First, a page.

Under U.S. federal law, a person who files for Chapter 13 bankruptcy agrees to pay off the accumulated debt over a three-to-five-year period. The debtor pays a third-party bankruptcy trustee, who then distributes the money to the creditors. The debtor is allowed to keep all assets, including a home, as long as the payments are made on time. If payments are missed, the bankruptcy period ends and the liquidation of assets may begin. Creating a budget for Chapter 13 bankruptcy is difficult and time-consuming and also requires reflecting honestly on how you spend your money. This type of budget can't consist of rounded-off figures; it must account for every penny of your income.
Gather all documents that report your average income for the past six months. If it is going to stay the same, great, you have a good estimate of the next six months' worth of income. But if not, you must adjust the plan to fit your new gross income.
Write a list of all of the goods and services that you regularly use. Do not omit anything, no matter how frivolous you feel it is. This budget must be realistic. You are more likely to stick to it if you record your allowances for things like cigarettes, shoes, and fast food and any other expenses that you don’t like to admit you have.
Take a look at your checkbook. If you pay all of your bills from it, you have a great source of your spending habits. Most people do not pay all of their bills from one account or even use one method of paying. If you use more than one source of funds, you must gather all credit card receipts and all cash receipts that you have.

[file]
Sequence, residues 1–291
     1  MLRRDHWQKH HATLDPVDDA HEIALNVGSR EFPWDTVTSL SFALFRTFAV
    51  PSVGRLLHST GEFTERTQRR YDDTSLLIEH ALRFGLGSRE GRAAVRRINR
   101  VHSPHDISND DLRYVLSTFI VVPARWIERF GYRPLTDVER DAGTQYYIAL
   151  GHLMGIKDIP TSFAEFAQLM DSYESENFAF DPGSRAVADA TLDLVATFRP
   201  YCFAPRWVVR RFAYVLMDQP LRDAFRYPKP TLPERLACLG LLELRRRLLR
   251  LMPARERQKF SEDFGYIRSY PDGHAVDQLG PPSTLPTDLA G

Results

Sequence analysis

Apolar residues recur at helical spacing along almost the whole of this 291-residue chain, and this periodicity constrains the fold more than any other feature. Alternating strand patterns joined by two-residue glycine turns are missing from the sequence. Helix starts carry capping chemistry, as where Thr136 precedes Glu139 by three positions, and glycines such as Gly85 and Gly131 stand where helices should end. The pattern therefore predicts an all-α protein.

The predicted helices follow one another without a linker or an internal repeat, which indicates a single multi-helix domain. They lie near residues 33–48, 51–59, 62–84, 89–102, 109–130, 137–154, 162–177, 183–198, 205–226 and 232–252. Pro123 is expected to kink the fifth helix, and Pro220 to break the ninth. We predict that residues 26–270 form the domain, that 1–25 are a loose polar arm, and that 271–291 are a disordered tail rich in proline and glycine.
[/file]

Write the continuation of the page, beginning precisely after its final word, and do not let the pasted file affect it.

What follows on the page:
Call local vendors of the goods and services that you consume. This step is especially important if you cannot find reliable up-to-date documentation of your spending history.
Calculate your budget by subtracting the expenses from your income. Hopefully you have enough to cover your basic living expenses. If not, you are going to have to make cuts in your budget wherever you can or find a way to generate more income. See resources below for a link to an online budget calculator.
Spend money only on the goods and services allowed for in your budget. Put any extra money you have into a savings account for future unforeseen expenses or for a future reward for following your budget for an allotted time period, such as a vacation after six months of scrimping.
If you omit things from your budget that you know you are going to spend money on, including things like entertainment, the budget will fail. Allow for moderate amounts of money to be spent on these activities to keep you sane. When you receive or spend money, save documentation of the transaction -- most importantly, pay stubs and receipts -- so that you know exactly where your money comes from and goes to.
Signing up for flat-rate monthly bill plans for all services that offer it will give you an accurate number for those monthly expenses. Dana Wilkinson, a lawyer for the Bankruptcy Law Network, recommends putting money for things such as food or cosmetics onto a gift card to be used only at the store that sells things that you need.
A budget only works when it is followed.